Mental health misconceptions impact on service leavers’ employment.
Friendly to Forces Campaign launched.
Research from SSAFA, the Armed Forces charity, has revealed that British ex-service personnel struggle to find work due to mental health stigma. Almost a half (46 per cent) of UK recruiters worry about hiring a service leaver in case they had mental health issues. Despite best efforts from British companies and individuals, including Prince William and Prince Harry, negative perceptions about mental health remain a significant barrier in the recruitment process, with service leavers being stigmatised. Over a third (31 per cent) of recruiters feel reluctant to hire someone who had previously served.
To combat this, SSAFA is calling for more UK companies to challenge their perceptions about hiring service leavers, as their new research reveals concerning misconceptions over the benefits of hiring ex-servicemen or women.
To challenge a lack of understanding amongst businesses and to help service men and women transition from military into civilian life, SSAFA has launched a new campaign called Friendly to Forces. This initiative will encourage companies from all over the UK sign up and show their support and willingness to hire Forces leavers. Mentees from SSAFA’s own mentoring programme will be directed to apply for roles at SSAFA’s Friendly to Forces employers.
Despite the countless skills that come with hiring a veteran, alarmingly under half (48 per cent) of UK workers said they would feel comfortable working alongside a service leaver. More male workers (50 per cent) said they would feel comfortable working alongside a service leader than female workers (45 per cent). Over 1 in 10 (13 per cent) workers aged 16-24 associate aggression with service leaders.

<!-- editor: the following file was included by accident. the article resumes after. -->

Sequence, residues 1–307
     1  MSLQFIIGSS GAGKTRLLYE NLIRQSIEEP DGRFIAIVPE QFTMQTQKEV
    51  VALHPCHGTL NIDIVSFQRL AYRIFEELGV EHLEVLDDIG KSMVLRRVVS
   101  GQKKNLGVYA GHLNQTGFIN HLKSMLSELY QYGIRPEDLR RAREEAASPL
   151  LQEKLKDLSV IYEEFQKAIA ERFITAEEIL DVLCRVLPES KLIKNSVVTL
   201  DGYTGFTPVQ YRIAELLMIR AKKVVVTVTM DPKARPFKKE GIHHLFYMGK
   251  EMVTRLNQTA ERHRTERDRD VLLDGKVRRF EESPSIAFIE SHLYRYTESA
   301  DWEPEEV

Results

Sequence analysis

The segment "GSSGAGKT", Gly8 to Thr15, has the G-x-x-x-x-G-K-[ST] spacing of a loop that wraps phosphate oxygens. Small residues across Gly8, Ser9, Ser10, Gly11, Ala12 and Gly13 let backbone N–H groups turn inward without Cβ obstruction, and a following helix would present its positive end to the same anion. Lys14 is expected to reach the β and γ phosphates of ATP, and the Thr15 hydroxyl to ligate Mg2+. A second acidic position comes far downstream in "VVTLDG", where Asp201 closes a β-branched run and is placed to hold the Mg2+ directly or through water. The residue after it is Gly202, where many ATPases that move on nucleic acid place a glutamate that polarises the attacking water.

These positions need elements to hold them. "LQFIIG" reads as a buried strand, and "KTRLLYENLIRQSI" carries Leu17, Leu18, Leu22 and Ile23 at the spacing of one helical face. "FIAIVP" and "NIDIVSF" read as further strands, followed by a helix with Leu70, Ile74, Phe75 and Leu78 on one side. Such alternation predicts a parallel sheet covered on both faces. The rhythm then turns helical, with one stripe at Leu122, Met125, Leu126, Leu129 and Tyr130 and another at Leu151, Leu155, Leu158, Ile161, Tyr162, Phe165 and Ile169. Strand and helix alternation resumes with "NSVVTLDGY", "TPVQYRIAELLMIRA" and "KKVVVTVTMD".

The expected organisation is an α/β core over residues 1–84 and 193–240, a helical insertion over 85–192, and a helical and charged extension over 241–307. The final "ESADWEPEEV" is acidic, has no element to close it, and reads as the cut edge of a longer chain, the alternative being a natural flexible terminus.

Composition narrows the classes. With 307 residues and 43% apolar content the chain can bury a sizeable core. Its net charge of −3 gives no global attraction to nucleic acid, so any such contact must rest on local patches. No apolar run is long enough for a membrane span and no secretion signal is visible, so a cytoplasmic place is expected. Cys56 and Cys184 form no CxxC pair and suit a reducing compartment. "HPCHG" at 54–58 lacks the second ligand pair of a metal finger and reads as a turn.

Over 3 in 10 (31 per cent) of UK recruiters said they would feel reluctant to hire someone who has previously served in the Armed Forces. Interestingly more male recruiters (35 per cent) would feel reluctant to hire a Forces leaver than their female counterparts (28 per cent).
The research conducted for SSAFA also revealed that mental health is still not being adequately understood by employers – with nearly half of UK recruiters surveyed (46 per cent) saying they would worry about hiring a service leaver in case they have mental health problems.
“We’ve been recruiting Forces leavers for over 15 years and will always continue to value the dedication and enthusiasm that comes with this background,” said Amanda Fisher, managing director facilities management defence and justice at Amey. “They bring many qualities to our business including a ‘can do’ attitude and transferable skills that make for a successful team dynamic.”
James Grant, head of corporate fundraising and events, added: “One of the many selling points of joining the Armed Forces is learning skills that can be easily transferred into civilian life. Sadly, some businesses still don’t recognise these skills and service leavers are being discriminated against. We see that there’s also a false perception over Armed Forces personnel suffering from mental health issues. Mental health is a common condition affecting 1 in 4 people every year – service leaver or not.”
He concluded: “A career in service to our country should always be met with pride and gratitude. That’s why we have launched our Friendly to Forces campaign, to challenge all businesses to do better when hiring service leavers.”